The clock ticks down, the flint sparks, the fuse burns short – the tart and fleeting tang of electricity on the tongue – and then … BOOM – Boom for real…
In little more than a decade, Jean-Michel Basquiat triggered a series of intellectual and artistic explosions that reconfigured many of the creative spheres that he touched. Ripping through the late seventies and eighties his prolific and thrilling output eviscerated orthodoxy, fusing the esoteric and the conventional. He sent waves of creative innovation accelerating across traditional culture until once caste-iron categories dissolved, until his own imagination detonated in a cataclysmic paroxysm that looked backward with such ferocity that it became the future. And Basquiat left behind a cultural arena that was transformed by his brief, but brilliant presence.
He sent waves of creative innovation accelerating across traditional culture
Although he died at 27, in his short life Basquiat made a telling contribution to the cultural world, helping to normalise a particular kind of challenge to the intellectual status quo. Graffiti artist, painter, poet, DJ, philosopher, musician – Basquiat took on creative disciplines with a sure-footed mastery and left each altered. Ultimately however, they were fodder to further his greater project of dissecting the way that we perceive, categorise and give value.
Whilst recuperating after being hit by a car, his mother bought the young Basquiat a copy of Gray’s Anatomy. This Victorian exploration of the mechanics of the human body left him obsessed with ideas of dissection and reconfiguration. Throughout his career he nurtured a forensic interest in forcing us to think about how we might pull apart and remake intellectual disciplines. He looked at history as a cadaver that could be deconstructed and reanimated to suit us. Searching beyond traditional western sources of artistic inspiration, Basquiat found an alternative plane upon which to build his art, borrowing and refashioning punk, rap, ancient Egyptian history and traditional African art. From this other world he conjured a magnificent theatre of alternate possibilities, simultaneously beautiful and shocking, both thrillingly nascent and yet ancient. It beguiled with its flamboyant brilliance and stunned with its difference. This was perhaps his Grand Project, the forced re-evaluation of worth, the reconsideration of the things that we might value and deem worthy of serious consideration.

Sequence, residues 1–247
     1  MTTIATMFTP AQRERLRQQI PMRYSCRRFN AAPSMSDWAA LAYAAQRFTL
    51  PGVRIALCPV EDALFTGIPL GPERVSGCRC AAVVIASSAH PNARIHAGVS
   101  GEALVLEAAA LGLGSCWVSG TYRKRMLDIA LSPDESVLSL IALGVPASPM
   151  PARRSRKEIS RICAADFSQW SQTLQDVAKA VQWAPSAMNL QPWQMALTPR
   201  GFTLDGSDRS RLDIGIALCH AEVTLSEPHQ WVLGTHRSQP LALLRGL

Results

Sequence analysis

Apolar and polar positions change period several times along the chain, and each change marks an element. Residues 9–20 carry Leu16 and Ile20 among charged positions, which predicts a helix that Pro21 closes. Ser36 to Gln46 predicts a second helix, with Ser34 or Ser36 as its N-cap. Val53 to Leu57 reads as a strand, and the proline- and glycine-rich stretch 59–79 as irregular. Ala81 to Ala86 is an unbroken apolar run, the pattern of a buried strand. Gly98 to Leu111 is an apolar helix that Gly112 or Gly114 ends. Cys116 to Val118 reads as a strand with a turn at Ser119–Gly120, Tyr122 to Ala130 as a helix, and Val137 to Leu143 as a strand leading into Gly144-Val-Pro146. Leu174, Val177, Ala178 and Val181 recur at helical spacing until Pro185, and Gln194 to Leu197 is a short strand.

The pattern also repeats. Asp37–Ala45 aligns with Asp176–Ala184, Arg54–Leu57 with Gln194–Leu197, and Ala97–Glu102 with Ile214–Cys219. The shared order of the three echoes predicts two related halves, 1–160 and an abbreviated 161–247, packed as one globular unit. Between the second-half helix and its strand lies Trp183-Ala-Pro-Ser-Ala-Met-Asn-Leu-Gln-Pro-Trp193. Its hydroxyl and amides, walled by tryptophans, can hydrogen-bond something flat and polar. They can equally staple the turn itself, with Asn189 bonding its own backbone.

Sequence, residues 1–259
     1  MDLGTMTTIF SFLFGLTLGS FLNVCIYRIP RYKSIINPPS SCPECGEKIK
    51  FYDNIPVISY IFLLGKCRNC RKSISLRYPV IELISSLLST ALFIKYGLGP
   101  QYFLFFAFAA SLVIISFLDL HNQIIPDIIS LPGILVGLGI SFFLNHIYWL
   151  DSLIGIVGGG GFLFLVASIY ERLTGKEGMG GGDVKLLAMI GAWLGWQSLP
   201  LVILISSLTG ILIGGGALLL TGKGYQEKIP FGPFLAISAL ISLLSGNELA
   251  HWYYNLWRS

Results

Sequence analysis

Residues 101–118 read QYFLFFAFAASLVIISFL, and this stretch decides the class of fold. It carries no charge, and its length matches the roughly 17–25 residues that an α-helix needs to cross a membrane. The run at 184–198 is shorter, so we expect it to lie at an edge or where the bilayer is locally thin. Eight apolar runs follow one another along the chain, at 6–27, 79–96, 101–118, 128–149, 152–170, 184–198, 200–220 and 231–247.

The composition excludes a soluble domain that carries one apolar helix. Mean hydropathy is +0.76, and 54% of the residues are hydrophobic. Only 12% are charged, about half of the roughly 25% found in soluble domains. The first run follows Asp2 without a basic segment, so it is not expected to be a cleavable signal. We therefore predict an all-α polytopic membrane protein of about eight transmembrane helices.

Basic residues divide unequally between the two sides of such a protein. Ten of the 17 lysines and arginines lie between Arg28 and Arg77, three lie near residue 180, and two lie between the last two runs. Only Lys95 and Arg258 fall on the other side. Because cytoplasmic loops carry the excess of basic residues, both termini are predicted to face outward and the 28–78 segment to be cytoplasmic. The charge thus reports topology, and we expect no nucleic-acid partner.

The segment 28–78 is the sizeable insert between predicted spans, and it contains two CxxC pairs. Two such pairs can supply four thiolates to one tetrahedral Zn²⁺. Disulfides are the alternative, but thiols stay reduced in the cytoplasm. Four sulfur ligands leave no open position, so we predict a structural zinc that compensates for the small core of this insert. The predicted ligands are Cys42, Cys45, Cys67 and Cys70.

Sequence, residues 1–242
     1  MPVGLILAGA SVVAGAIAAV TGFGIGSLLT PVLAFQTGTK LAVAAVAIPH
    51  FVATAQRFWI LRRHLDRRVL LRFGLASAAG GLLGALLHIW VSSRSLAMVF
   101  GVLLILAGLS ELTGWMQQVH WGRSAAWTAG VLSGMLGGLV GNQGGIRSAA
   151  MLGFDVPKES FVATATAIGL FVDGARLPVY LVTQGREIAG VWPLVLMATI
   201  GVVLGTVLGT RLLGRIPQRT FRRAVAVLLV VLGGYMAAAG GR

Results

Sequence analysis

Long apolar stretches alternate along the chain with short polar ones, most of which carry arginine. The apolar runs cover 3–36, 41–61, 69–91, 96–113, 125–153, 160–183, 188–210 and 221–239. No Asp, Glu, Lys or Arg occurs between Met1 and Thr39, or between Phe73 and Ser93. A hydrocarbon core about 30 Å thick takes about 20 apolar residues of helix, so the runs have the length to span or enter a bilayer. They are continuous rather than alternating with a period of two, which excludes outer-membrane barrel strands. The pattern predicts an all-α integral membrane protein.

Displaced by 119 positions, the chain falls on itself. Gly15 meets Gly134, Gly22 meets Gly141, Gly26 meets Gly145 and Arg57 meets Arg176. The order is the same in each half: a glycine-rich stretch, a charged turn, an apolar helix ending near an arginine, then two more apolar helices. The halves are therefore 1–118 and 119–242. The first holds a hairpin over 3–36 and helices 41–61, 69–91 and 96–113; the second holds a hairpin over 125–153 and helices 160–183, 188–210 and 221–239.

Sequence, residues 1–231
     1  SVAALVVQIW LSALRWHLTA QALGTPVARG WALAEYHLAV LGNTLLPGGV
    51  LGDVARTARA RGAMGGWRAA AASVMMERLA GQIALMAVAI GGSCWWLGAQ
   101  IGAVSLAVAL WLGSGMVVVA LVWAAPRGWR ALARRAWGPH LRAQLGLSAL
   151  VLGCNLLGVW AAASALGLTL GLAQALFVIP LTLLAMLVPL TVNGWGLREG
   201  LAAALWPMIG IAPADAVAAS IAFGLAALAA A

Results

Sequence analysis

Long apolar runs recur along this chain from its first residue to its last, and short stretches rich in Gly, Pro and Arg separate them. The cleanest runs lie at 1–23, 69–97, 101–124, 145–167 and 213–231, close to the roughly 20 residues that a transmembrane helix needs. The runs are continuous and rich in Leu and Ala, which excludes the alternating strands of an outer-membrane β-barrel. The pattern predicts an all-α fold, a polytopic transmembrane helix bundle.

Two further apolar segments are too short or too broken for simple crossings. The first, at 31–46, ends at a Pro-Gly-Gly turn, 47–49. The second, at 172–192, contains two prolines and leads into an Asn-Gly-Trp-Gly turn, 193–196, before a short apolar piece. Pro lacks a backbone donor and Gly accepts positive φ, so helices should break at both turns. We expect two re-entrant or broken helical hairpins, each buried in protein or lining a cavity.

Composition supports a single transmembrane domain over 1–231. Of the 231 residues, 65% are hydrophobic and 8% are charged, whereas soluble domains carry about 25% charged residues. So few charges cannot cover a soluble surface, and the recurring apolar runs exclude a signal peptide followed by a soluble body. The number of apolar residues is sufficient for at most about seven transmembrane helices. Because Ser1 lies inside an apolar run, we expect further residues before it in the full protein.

Basquiat took on creative disciplines with a sure-footed mastery and left each altered
Basquiat understood value – he escaped homelessness to become an internationally acclaimed artist in a handful of years. Perhaps driven by memories of his difficult childhood, by a hope that those early years would not define his adult life, he approached his career with a pathological application. Blessed with a defining talent he rapidly found success, while the residual pain of childhood lingered as an important catalyst for his practice. He understood the tension between his race and his gift, he knew what his talent meant, what his Blackness, his Haitian, his Puerto Rican and once African ancestry could connote to the art-world, and how this ethnicity could be used to limit his progress – but he also knew how he might deploy his identity for optimum impact. These gifts made him attractive to many of the most interesting figures of the time, collaborating with Warhol, Bowie, Grand Master Flash and Blondie, amongst many others.
During his early years of success, Basquiat’s volcanic talent was more than a counterbalance to his demons, but those anxieties intensified until ultimately, like many of his contemporaries, he was consumed by his own ghosts. Whilst there have been other artists who have reconfigured the creative metric of their time, few did so with the explosive style of Jean-Michel Basquiat.’